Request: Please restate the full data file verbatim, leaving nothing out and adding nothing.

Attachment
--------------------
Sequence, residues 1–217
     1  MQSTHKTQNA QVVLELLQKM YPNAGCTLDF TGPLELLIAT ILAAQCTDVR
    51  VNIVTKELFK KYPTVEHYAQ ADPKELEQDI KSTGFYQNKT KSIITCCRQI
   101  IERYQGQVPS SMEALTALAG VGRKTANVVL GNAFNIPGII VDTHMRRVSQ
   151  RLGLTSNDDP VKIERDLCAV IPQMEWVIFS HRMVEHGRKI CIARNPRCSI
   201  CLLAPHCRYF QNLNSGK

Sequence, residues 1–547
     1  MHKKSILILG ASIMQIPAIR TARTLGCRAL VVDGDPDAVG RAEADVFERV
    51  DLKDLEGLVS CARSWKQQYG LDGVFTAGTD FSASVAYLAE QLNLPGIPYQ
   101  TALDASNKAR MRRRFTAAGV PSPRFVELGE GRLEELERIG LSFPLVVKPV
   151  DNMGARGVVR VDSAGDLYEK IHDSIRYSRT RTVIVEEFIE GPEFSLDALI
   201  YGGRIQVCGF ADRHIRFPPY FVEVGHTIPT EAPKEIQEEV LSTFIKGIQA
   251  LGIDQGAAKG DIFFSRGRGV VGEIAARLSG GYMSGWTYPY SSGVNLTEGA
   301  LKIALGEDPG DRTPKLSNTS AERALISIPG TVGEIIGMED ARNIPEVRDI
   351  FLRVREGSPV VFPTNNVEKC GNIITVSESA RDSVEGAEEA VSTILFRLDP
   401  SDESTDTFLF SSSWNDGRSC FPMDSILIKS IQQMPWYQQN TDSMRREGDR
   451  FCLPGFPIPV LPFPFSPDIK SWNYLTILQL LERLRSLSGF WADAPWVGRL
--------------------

Sequence, residues 1–217
     1  MQSTHKTQNA QVVLELLQKM YPNAGCTLDF TGPLELLIAT ILAAQCTDVR
    51  VNIVTKELFK KYPTVEHYAQ ADPKELEQDI KSTGFYQNKT KSIITCCRQI
   101  IERYQGQVPS SMEALTALAG VGRKTANVVL GNAFNIPGII VDTHMRRVSQ
   151  RLGLTSNDDP VKIERDLCAV IPQMEWVIFS HRMVEHGRKI CIARNPRCSI
   201  CLLAPHCRYF QNLNSGK

Sequence, residues 1–547
     1  MHKKSILILG ASIMQIPAIR TARTLGCRAL VVDGDPDAVG RAEADVFERV
    51  DLKDLEGLVS CARSWKQQYG LDGVFTAGTD FSASVAYLAE QLNLPGIPYQ
   101  TALDASNKAR MRRRFTAAGV PSPRFVELGE GRLEELERIG LSFPLVVKPV
   151  DNMGARGVVR VDSAGDLYEK IHDSIRYSRT RTVIVEEFIE GPEFSLDALI
   201  YGGRIQVCGF ADRHIRFPPY FVEVGHTIPT EAPKEIQEEV LSTFIKGIQA
   251  LGIDQGAAKG DIFFSRGRGV VGEIAARLSG GYMSGWTYPY SSGVNLTEGA
   301  LKIALGEDPG DRTPKLSNTS AERALISIPG TVGEIIGMED ARNIPEVRDI
   351  FLRVREGSPV VFPTNNVEKC GNIITVSESA RDSVEGAEEA VSTILFRLDP
   401  SDESTDTFLF SSSWNDGRSC FPMDSILIKS IQQMPWYQQN TDSMRREGDR
   451  FCLPGFPIPV LPFPFSPDIK SWNYLTILQL LERLRSLSGF WADAPWVGRL